Success on the cards
Takon's Jerry Lee and Joe Wong are adding a new dimension to souvenirs, writes Wong Yat-hei.
With more and more people using social and other digital media to connect with each other, few send postcards anymore. Two young product designers, however, have given new life to this fading form of communication. Jerry Lee Tak-chun and Joe Wong Man-hon, co-founders of Takon Product Development - a business that specialises in making souvenirs - have dazzled the market with the creation of greeting cards with 3D artwork that represent Hong Kong culture.
Lee and Wong both graduated from Polytechnic University with degrees in product analysis and engineering design. They decided to start their own business to show the world the essence of Hong Kong culture.
"Our city is more than a place for visitors to shop," says Lee, the marketing director of the company. "It has many stories that are worth sharing. There are a lot of Hong Kong icons besides Bruce Lee and the Chinese junk. We want visitors to take something about Hong Kong culture back home with them, so we came up with the idea of three-dimensional, pop-up greeting cards that feature icons of Hong Kong like the lucky bun, rickshaw, bamboo theatre and many more."
With limited capital and no business experience, they turned to incubation projects for help. "We joined a business start-up support project, Youth Business Hong Kong, organised by the Hong Kong Federation of Youth Groups (HKFYG). Beside loans, their panel of business high-flyers gave us many useful tips on how to run a business, like how to handle taxes and budgeting," Lee says.
Wong, the company's creative director, is the mastermind behind the designs. "We are serious about being a business that is 100 per cent 'made in Hong Kong'," he says. "All our products are made in sheltered workshops in Sham Shui Po. It takes extra effort to train the workers and I have to be careful with the materials and the tools they work with, so they won't hurt themselves. But all this is worth it, because we are true to our core value as a Hong Kong business and it is a way for us to give back to the community."
Limited capital meant Lee and Wong were not able to start production straight away, despite the designs proving popular. "We started out designing brochures and other products for clients," Lee says. "Developing a product involves heavy investment and takes a long time, so we began with a design service in the hope of building up our reputation."
Their big break came when showcasing 3D greeting cards at an entrepreneurship day organised by the HKFYG. "Our products earned high praise from the Hong Kong Trade Development Council and they invited us to display them in their gallery," Lee says. "This was a huge boost to our reputation. Soon we were displaying our products on the shelves of major bookstores and in hotel gift shops. Now we have more than 70 outlets for our products and the list keeps growing."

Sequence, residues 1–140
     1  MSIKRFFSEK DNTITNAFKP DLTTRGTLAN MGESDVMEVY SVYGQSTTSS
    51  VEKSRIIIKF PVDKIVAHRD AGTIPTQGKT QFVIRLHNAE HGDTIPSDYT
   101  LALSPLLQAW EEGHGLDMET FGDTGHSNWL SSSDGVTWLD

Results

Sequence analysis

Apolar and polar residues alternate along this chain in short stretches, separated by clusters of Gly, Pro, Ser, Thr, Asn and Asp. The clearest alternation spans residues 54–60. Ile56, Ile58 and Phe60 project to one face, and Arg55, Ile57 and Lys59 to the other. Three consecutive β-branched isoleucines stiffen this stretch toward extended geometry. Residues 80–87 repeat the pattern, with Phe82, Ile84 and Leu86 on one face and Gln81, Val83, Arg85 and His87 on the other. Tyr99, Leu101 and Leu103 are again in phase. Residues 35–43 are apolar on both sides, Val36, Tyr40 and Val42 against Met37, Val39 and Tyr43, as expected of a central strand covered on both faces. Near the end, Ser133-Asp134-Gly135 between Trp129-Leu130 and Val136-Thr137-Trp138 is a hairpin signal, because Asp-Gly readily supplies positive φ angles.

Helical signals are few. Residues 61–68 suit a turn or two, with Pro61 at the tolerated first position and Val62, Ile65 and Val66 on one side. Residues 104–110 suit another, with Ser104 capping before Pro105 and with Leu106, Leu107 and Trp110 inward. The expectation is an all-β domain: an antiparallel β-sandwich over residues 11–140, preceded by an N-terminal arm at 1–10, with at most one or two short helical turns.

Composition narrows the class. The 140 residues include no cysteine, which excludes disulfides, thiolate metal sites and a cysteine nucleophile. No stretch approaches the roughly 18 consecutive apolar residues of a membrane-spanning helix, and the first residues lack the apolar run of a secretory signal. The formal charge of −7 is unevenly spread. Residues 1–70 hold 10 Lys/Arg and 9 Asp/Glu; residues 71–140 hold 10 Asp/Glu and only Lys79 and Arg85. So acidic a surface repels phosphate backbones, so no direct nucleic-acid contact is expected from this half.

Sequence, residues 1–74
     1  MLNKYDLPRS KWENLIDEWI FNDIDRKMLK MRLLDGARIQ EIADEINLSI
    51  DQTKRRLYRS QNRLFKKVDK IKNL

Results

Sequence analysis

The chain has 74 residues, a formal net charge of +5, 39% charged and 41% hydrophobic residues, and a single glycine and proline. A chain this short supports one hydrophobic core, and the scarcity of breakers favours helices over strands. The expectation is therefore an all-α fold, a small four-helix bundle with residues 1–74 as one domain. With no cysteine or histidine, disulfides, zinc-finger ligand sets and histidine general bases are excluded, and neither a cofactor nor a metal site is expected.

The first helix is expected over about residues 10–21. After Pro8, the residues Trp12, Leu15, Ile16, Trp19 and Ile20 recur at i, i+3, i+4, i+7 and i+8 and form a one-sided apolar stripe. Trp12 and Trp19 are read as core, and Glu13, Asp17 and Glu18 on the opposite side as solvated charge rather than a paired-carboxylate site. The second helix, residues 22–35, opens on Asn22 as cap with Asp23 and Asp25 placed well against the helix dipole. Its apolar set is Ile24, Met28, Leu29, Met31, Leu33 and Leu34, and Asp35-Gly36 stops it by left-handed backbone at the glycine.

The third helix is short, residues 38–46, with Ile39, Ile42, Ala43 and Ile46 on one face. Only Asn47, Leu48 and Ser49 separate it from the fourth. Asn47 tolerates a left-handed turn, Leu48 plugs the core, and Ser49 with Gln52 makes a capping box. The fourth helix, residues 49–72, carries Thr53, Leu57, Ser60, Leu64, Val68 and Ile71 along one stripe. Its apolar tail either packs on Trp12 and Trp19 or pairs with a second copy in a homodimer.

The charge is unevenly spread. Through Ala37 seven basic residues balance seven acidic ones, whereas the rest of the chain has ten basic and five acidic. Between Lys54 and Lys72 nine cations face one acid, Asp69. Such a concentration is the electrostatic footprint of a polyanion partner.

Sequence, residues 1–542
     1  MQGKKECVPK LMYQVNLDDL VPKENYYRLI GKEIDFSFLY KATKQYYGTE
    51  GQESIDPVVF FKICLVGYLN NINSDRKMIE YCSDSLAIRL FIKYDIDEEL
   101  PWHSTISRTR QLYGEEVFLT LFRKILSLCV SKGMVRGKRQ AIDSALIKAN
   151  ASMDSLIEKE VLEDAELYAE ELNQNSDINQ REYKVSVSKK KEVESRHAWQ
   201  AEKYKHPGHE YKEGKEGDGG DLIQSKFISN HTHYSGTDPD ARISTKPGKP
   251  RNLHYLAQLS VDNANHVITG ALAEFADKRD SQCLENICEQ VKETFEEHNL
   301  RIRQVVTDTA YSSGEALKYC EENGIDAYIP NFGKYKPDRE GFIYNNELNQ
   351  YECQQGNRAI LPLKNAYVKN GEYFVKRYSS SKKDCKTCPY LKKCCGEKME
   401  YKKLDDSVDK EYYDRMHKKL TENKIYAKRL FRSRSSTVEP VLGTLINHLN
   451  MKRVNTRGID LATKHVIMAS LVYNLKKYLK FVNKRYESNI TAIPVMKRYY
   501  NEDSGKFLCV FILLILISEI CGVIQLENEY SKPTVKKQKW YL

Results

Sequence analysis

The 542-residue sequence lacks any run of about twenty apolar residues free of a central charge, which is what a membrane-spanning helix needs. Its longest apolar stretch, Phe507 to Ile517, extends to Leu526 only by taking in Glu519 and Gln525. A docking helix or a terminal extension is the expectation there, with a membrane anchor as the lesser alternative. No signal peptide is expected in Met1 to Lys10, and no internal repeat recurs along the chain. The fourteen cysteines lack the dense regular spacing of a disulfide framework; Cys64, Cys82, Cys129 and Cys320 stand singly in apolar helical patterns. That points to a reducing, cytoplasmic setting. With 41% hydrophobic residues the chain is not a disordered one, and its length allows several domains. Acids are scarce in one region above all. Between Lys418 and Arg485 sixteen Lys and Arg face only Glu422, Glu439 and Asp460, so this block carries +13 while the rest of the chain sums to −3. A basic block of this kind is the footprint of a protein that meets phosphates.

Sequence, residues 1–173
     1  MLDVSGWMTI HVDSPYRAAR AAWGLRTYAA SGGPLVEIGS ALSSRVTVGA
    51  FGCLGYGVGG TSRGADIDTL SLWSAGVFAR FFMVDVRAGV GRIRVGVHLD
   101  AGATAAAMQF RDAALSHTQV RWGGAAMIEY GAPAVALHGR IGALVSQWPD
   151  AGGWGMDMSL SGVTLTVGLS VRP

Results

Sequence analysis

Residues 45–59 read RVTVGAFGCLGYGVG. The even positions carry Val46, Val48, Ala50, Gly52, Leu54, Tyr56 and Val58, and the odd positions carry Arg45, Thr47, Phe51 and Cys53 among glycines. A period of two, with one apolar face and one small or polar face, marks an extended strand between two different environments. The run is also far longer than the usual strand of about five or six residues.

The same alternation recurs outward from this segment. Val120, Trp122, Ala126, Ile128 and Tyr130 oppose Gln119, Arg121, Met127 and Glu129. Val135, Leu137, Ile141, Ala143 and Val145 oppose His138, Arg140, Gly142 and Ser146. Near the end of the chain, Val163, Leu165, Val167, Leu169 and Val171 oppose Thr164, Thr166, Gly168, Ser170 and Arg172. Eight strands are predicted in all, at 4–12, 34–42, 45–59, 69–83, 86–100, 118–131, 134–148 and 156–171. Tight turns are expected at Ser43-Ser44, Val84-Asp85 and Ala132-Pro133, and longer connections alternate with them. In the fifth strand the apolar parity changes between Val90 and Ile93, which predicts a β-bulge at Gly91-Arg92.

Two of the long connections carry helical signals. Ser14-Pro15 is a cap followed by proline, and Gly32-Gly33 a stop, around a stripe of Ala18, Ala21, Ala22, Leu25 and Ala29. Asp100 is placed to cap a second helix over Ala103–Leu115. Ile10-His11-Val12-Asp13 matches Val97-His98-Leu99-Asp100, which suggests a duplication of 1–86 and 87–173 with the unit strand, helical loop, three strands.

Their decision to start a souvenirs business was a well-supported one. "When we were employees, we found out that a good way to start to export products to the rest of the world was through gifts and souvenirs," Lee says. "Because Hong Kong runs some of the biggest exhibitions for gifts and souvenirs, we can access buyers from around the world without having to travel."
Their idea has caught the attention of buyers from around the world. "The Metropolitan Museum of Art in New York commissioned us to make bookmarks for them after seeing our bookmarks inspired by Chinese partitions," Lee says. "The Eiffel Tower paper model is one of our bestsellers - buyers from the Middle East love them."
Taking their products onto the global stage is the plan for Takon, but it is no easy task. "We are grateful to the mentors of our incubation projects, who are veteran businessmen," Lee says. "They taught us a lot about the laws and tax systems relating to exporting products to different countries. They also gave us their insights on the market, which is invaluable to green hands like us."
While Lee says the support they received was key to getting started, he stresses that persistence and the ability to overcome hardship is essential to successfully running a business. "People who are planning to start their own business need to understand that the support from incubation projects is not going to take you to the promised land - they key is being proactive," he says. "Pick the brains of [your] mentors for business advice. There is no boss or superior to help you - you must not give up when you face an obstacle."
With 3D paper art turning into a hot trend, there have been many copycats of Takon's products. Lee and Wong see this as recognition of their success, rather than a threat.
"Consumers only appreciate original ideas," Lee says. "The creator of the new idea is the innovator and copycats are always going to be copycats. We are always a step ahead of the copycats, so we are not worried about competition from them."